Beryl Margaret Bainbridge (Beryl Margaret Bainbridge)

Beryl Margaret Bainbridge

Author. She produced 18 novels of the ‘dark comedic thriller’ and historic fiction genre. Raised in Liverpool under unpleasant familial circumstances that appeared frequently in her books, she was expelled from the Merchant Taylor’s School at 14 over the explicit sexual content of some poetry she had written. After finishing her education at a different school, she ran off to London where she worked as a theatre usherette. In 1958, she penned her first book, “Harriet Said…” which was deemed unpublishable at the time due to its twin themes of sexual acting out and murder by teenage girls, though it became a best seller when finally released in 1972. During the 1960s, Dame Beryl worked as an actress and wrote children’s stories for the BBC, with her first published novel, “A Weekend With Claude”, appearing in 1967, to be followed by “Another Part of the World” the next year. (Both were eventually rewritten during the 1980s). The success of “Harriet Said…” quickly led to that of “The Dressmaker” (1973) and “Injury Time” (1977). The 1975 “Sweet William”, dealing with a young girl’s unwise affair, made it to the silver screen in 1980, and 1989’s “An Awfully Big Adventure”, which saw a girl try to achieve success as an actress in Liverpool, likewise became a movie in 1995. Dame Beryl entered the world of historical fiction in 1977 when “Young Adolf” recounted a 1912 visit to Liverpool that Hitler may or may not have actually made. She was to intermittantly produce several similar works, including the 1996 Titanic themed “Every Man for Himself”, and at her death was working on “The Girl in the Polka-Dot Dress” based upon Dame Beryl’s own experiences in Los Angeles at the time of Robert Kennedy’s 1968 assassination. A Fellow of the Royal Society of Literature, her honours were many, though she never won the coveted Booker Prize for which she was nominated a record five times. In 2001, she received the David Cohen British Literature Prize for lifetime achievement, and was created Dame Commander of the British Empire (DBE). A heavy smoker, she suffered numerous tobacco related health problems in her final years, and died of cancer. At her death, controversy over her birth date remained; though that given above is her ‘official’ birthday, her birth was apparently recorded in early 1933. Looking at the motivation for her life’s work, she said: “My central pivot is the wrongs done to me by my parents and upbringing”. (bio by: Bob Hufford)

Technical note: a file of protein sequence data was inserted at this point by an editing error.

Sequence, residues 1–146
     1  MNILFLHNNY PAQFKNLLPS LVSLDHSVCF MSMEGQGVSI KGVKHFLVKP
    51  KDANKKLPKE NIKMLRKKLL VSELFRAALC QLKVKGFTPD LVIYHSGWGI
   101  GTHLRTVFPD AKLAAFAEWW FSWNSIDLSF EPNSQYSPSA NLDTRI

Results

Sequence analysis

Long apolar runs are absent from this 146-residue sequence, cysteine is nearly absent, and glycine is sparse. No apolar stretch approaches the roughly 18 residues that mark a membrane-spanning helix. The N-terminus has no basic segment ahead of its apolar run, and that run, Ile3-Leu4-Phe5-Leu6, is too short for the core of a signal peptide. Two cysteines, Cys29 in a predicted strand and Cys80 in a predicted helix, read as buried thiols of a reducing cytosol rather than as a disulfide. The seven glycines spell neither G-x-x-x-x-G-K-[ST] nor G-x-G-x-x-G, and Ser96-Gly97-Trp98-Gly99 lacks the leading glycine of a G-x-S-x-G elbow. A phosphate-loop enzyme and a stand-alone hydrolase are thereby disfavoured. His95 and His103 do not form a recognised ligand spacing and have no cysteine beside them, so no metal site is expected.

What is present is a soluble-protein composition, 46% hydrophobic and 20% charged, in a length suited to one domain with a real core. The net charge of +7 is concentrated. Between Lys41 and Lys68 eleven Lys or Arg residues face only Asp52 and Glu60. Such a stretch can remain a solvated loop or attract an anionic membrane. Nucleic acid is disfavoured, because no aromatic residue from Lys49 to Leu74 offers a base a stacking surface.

• November, 21, 1934
  • England


  • July, 07, 2010
  • England


  • Highgate Cemetery (West)
  • England

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